This week marks the anniversary of women gaining the vote. Past Times looks at some of the coverage in the Timaru Herald during the month of September 1893.
On September 19, 1893 the governor, Lord Glasgow, signed a new Electoral Act into law. As a result of this landmark legislation, New Zealand became the first self-governing country in the world in which all women had the right to vote in parliamentary elections.
In most other democracies - including Britain and the United States - women did not win the right to the vote until after World War I. New Zealand's world leadership in women's suffrage became a central part of our image as a trail-blazing 'social laboratory'.
That achievement was the result of years of effort by suffrage campaigners, led by Kate Sheppard. In 1891, 1892 and 1893 they compiled a series of massive petitions calling on Parliament to grant the vote to women. In recent years Sheppard's contribution to New Zealand's history has been acknowledged on the $10 note.
Today, the idea that women could not or should not vote is completely foreign to New Zealanders. In 2012, 32 per cent of members of Parliament are female, compared with 13 per cent in 1984. In the early 21st century women have held each of the country's key constitutional positions: Prime minister, governor- general, speaker of the House of Representatives, attorney-general and chief justice. New Zealand History Online
The Timaru Herald, Saturday, September 2, 1893
We notice that in Wellington the fate of the women's franchise is still held to be very doubtful. The Premier is credited with having "a card up his sleeve", with the intention of playing it before the Electoral Bill is safely through the Legislative Council. We certainly were at one time under the impression that something of the kind was in store as a painful surprise for the "political woman" and for those who, for one reason and another, have made her cause their own. But although we still believe that the Premier would gladly let the settlement of the question stand over till after the general election, we doubt his power to bend a majority of the Legislative Council to his will in this matter. However, to show the existence of suspicion as to bad faith on the part of the Premier, we quote the following sentences from an article in the Evening Post, which was published subsequently to the passing of the interpretation clause by the Legislative Council. Our contemporary says "The division on the interpretation clause of the Electoral Bill in the Legislative Council yesterday resulted in the principle of womanhood suffrage being affirmed by the narrow majority of two. Unfortunately, this does not mean much. Last session the same clause was carried by a majority of 7, yet the franchise was not conceded, and the bill fell through. On this point the council has no hesitation in stultifying itself by refusing to practically cede that which it has theoretically affirmed to be just. The division list last night shows some curious changes of opinion on the part of members when contrasted with that of last session on precisely the same point. Dr Pollen then voted against women being included in the definition of "person" and Mr Williams paired on the same side. Last night both voted in favour of women. Mr G. McLean paired last session in favour of women, but voted last night against them. So did Mr Stevens and Major Ropata, who last year voted against Sir George Whitmore's amendment. The new members of the council were equally divided last night, six for and six against.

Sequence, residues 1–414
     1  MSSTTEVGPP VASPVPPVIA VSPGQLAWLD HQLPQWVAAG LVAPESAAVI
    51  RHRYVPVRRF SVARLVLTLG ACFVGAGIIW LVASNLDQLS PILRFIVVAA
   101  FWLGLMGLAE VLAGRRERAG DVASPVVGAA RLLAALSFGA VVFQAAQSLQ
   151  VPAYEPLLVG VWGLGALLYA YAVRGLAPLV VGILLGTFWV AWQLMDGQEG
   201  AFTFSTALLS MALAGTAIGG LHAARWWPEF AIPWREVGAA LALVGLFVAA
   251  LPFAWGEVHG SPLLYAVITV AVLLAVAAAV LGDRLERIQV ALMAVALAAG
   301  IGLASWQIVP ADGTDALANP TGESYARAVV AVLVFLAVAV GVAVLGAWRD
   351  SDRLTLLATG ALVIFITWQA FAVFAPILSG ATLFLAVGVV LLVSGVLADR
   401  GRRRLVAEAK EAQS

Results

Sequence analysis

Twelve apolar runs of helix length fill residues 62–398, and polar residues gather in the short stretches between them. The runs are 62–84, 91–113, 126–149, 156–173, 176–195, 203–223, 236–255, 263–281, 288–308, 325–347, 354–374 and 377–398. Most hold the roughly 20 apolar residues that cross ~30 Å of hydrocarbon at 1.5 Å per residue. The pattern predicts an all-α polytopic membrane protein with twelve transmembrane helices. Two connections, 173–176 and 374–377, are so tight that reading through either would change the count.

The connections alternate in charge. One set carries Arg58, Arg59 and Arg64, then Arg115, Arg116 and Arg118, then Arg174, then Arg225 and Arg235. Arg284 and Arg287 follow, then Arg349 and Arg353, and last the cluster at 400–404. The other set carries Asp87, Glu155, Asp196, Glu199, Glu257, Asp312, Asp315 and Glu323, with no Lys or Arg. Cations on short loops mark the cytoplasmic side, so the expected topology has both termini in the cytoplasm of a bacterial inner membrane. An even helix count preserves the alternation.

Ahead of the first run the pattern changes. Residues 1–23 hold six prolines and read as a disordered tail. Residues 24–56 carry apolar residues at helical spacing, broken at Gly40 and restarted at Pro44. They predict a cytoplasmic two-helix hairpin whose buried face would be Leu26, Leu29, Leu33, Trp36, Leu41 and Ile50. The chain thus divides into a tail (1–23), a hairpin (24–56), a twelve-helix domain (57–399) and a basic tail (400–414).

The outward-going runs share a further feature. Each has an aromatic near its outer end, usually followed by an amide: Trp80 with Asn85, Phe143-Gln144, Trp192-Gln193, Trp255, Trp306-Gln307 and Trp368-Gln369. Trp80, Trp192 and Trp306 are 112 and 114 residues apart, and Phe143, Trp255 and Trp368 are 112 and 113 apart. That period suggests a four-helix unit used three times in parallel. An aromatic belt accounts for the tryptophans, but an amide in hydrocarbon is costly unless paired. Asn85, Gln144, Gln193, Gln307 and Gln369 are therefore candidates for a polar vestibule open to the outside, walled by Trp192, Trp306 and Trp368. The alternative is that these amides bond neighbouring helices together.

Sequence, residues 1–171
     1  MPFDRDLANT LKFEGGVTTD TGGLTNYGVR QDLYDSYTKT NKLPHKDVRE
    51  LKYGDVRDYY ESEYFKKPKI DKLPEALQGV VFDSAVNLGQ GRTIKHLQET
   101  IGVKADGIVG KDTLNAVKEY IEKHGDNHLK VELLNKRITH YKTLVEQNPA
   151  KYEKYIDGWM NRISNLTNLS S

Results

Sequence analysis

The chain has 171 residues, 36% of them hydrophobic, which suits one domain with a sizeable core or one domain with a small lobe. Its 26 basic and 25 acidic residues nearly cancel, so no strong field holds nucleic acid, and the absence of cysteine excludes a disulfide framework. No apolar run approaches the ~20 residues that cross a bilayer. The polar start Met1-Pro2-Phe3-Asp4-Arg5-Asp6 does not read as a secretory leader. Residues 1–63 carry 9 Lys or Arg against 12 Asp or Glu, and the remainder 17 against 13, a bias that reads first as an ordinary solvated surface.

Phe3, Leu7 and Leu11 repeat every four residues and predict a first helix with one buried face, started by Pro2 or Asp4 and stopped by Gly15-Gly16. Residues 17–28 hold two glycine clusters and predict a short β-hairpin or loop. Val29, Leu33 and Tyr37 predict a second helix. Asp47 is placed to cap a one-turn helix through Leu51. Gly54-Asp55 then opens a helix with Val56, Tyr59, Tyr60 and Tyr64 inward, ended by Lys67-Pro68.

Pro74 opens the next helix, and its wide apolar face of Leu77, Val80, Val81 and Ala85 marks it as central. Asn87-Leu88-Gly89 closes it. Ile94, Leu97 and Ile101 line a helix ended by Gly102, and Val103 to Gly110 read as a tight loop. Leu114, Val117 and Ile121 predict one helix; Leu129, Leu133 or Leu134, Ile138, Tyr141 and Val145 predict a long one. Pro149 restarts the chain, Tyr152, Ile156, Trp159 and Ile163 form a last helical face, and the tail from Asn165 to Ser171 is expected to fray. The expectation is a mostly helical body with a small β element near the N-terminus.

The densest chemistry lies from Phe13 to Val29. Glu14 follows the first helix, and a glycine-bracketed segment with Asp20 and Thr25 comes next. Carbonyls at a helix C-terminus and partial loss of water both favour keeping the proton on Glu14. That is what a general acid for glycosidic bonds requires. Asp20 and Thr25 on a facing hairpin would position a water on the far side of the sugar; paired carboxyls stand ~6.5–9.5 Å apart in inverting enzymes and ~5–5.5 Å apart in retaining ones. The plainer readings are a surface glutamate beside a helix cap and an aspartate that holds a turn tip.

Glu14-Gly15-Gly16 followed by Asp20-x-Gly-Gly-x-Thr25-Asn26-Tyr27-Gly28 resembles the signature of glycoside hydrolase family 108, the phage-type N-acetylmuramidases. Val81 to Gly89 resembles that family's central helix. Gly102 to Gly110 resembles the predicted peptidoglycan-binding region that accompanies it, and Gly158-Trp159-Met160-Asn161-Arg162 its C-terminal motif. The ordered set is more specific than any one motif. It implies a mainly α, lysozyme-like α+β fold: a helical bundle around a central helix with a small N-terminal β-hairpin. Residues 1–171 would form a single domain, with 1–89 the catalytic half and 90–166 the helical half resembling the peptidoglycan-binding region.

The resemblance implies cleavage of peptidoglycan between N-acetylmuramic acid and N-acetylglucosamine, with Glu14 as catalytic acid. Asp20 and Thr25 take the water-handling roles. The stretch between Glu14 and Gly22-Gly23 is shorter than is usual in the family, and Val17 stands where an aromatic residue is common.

The Government seems to have adjusted its selection of new members so as to leave this question just where it was without them. Altogether, last night's division does not afford much reason for hoping that the franchise will be conceded to women this session. Last session it was defeated by being clogged with conditions which the House would not accept. A somewhat similar device will, no doubt, be resorted to by Ministers to bring about a like result this year. It will be seen that, according to the Evening Post, the Legislative Council are lending themselves to a sort of conspiracy to defeat the carrying of the women's franchise. There is no evidence in that direction, and we cannot admit that the conditions imposed last session by the council were put into the bill to ensure its defeat. The majority of the council were content that women should not only have the franchise but should be relieved of the inconvenience of having to go to the polling booths to exercise their right. On that occasion the Government chose to drop the bill, and made the council's amendments the excuse for so doing, but the bad faith was the Government's, not the council's. After carefully watching the situation and taking note of hints received from Wellington, we incline strongly to the opinion that a majority of the council are determined to carry the bill, and to give the Government no excuse for shelving it. Of course we may be wrong on that point, but it is evident from what has already taken place in the chamber that some of the chief opponents of the bill hold the same opinion as ourselves as to the intention of the majority. Our Wellington contemporary is not quite correct as to the distribution of the voting power of the 12 new members. It is true that, on the question of the word "person" including "woman", there were six on one side and six on the other but whilst that portion of the interpretation clause was under discussion Mr Rigg (one of the 12, and strongly opposed to the women's franchise) announced emphatically that if the council affirmed the principle of passing the clause, "he would not make one of a party to introduce any innovation or any side issue to imperil the rest of the bill". He added: "If the majority of this council now carry the female franchise, I shall do my level best to carry the bill into operation, and shall vote against any and every attempt to defeat it." The clause was carried, Mr Rigg voting against it, but we take it that, according to his announcement, he will now throw his whole weight into the other scale, and will oppose any limitations or alterations likely to be used by the Premier as a handle for casting the bill on one side. If that is Mr Rigg's attitude, there are now at least seven of the 12 new members who will exert themselves to see the women's franchise safely through the council. We believe that others will follow Mr Rigg's example.
The Timaru Herald, September 28, 1893